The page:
What To Do If Your Partner Is Body Shaming You

One of the wonderful things about romantic relationships is the security that comes from having finally found your person in the world. The mutual support and encouragement present in a healthy union are meant to make navigating the uncertainties of life easier and even more enjoyable. 


Respect, open communication, fairness, and the ability to be your true self are all cornerstones of any good relationship, per Verywell Mind. You may have heard people talking about what you should be doing if you're ever fat-shamed by strangers, but have you given any thought about body shaming in the context of an intimate relationship? 

According to Psych Central, if someone makes negative remarks about your appearance — whether they be directed at your size, age, or general attractiveness, this is viewed as body shaming. Body shaming can manifest as subtle or blatant comments that can make you feel less desirable and self-conscious (via Jay Shetty). So, what can you do if you find yourself being body shamed by your significant other? 


Try and figure out the intention behind their words

Understanding the intention behind your partner's comments might be a good first step. If your significant other is genuinely worried about your health, then you may want to consider what they're saying, according to Date Convo. In particular, if there's concern and love behind their words, no matter how painful it is to hear them, they might be worth taking seriously, adds Innovative Match. 


However, according to clinical psychologist Samantha DeCaro, Psy.D., even concern for your loved one's health could be communicated in a different way, as she told Bustle. "If you are truly concerned for your partner's health, do not focus on weight. There are many ways to improve health and engage in health-promoting behaviors without intentionally manipulating the shape or size of the body," DeCaro advised.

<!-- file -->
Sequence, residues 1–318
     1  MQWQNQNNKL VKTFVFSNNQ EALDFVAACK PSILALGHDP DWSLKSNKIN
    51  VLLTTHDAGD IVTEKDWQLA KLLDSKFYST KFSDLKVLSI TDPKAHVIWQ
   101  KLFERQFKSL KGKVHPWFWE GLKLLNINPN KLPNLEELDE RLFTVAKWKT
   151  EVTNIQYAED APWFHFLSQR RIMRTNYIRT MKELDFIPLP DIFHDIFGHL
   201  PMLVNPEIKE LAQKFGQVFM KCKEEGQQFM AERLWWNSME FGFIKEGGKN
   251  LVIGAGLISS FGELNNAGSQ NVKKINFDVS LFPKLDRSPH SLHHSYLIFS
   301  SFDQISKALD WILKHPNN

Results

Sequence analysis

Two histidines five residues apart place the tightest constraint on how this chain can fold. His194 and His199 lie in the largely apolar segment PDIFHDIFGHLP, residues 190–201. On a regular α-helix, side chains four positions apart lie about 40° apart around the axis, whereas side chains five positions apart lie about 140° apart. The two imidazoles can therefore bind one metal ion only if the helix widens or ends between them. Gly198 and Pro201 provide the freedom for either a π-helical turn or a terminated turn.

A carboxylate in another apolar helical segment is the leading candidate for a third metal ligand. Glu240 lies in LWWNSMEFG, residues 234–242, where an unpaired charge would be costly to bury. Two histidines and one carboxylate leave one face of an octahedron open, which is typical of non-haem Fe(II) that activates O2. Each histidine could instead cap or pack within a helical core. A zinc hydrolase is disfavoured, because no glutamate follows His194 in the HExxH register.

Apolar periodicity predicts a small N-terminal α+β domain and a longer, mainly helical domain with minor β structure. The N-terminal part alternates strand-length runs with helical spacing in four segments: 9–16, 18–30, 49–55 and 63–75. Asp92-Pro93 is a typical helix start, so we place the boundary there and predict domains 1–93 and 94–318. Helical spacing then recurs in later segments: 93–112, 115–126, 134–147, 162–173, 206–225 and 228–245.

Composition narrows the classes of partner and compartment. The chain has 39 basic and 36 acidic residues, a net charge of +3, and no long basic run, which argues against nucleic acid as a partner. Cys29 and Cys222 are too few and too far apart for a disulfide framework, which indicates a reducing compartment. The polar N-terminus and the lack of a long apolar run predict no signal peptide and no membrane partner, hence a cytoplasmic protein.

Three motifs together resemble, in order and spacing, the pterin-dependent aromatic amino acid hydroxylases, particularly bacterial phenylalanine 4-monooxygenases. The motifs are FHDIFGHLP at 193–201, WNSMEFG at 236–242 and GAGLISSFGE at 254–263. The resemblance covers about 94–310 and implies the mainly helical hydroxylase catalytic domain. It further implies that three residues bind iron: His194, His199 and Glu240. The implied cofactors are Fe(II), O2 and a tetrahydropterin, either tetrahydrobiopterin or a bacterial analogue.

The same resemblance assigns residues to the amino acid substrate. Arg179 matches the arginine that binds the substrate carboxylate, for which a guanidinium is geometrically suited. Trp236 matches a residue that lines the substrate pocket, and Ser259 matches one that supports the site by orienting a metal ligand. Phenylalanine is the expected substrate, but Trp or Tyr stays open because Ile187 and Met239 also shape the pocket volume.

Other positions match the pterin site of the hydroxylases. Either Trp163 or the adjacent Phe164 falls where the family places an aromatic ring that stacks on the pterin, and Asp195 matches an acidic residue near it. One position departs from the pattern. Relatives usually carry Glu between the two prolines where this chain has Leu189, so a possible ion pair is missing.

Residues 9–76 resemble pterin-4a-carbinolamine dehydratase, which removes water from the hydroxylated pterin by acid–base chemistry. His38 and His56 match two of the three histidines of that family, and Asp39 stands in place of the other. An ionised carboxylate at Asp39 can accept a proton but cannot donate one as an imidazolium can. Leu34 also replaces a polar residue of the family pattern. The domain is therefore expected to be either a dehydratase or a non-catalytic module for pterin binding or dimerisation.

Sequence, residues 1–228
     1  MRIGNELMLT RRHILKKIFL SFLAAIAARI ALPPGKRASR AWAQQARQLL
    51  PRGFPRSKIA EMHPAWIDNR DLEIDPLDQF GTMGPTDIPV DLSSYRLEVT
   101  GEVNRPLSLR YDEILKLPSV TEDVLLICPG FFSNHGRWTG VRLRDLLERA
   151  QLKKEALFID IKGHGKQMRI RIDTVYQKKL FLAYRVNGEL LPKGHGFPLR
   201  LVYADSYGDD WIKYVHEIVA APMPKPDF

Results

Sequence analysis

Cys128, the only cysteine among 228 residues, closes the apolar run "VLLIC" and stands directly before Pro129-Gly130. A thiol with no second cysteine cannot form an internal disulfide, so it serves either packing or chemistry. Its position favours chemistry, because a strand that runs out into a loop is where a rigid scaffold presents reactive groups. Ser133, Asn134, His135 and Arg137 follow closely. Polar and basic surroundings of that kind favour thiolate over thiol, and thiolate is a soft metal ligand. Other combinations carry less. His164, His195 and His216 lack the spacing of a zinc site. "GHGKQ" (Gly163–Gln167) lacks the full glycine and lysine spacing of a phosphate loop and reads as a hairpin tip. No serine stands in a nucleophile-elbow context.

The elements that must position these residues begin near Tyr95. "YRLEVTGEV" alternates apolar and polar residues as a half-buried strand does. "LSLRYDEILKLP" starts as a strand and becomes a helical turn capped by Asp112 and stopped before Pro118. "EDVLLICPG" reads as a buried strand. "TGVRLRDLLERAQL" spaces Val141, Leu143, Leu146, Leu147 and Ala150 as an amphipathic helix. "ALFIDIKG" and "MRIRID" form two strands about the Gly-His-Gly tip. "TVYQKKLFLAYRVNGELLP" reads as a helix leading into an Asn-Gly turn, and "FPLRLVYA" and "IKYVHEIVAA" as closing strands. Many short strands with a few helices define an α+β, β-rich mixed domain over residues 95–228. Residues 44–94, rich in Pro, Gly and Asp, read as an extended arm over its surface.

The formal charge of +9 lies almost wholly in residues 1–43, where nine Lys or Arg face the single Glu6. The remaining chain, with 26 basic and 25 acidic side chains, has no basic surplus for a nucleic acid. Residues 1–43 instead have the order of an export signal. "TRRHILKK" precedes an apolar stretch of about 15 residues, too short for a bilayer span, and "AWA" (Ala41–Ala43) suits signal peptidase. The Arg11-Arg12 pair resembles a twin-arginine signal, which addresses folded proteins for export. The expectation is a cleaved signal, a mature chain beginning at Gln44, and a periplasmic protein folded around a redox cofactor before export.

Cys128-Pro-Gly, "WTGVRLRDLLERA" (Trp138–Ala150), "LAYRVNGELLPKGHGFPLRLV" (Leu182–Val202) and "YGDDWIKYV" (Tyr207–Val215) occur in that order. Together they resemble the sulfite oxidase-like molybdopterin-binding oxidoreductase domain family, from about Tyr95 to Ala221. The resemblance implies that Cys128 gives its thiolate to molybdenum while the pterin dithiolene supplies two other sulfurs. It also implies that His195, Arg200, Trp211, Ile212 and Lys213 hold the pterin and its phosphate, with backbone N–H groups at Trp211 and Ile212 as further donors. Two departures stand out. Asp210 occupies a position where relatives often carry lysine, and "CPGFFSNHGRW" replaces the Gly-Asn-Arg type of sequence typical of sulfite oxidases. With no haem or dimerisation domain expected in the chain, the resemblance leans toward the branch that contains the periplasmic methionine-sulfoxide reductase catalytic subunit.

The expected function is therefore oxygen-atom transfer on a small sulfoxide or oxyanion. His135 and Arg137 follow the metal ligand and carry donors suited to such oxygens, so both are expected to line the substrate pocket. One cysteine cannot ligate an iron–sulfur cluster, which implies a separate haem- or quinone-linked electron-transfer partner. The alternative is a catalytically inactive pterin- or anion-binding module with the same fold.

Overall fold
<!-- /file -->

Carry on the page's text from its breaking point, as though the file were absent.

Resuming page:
If you're being made to feel insecure by how your partner is bringing up your appearance, or if nagging and insults are involved, then it's time to speak to them firmly about how you feel (via Innovative Match). 

Talk to your partner about how you feel

The effects of body shaming are real on anyone who is on the receiving end of it. Even Camila Cabello shared an inspiring message about body image as a result. While it's entirely possible that your significant other isn't intending to be hurtful, it's still very important to clarify your position and to also express yourself clearly through communication, per Date Convo


Further, how your partner reacts to this conversation will also clue you into their intentions — they might be apologetic and kind or act aloof and try to brush it off. Choosing to ignore body shaming comments will only cause you to accumulate resentment for your spouse over time, as Health Shots warns, so it's best to sit down with them and tell them honestly how their comments make you feel. 

There are things you should say to your partner every day and body-shaming comments definitely don't fall into that category. If you don't wish to go on a diet or lose weight, let your significant other know how you feel, as Innovative Match advises, and stay strong. Weight loss and gain are individual journeys that are best done when the person is motivated to do it for themselves, not for someone else. 


Realize that your partner's perception isn't everything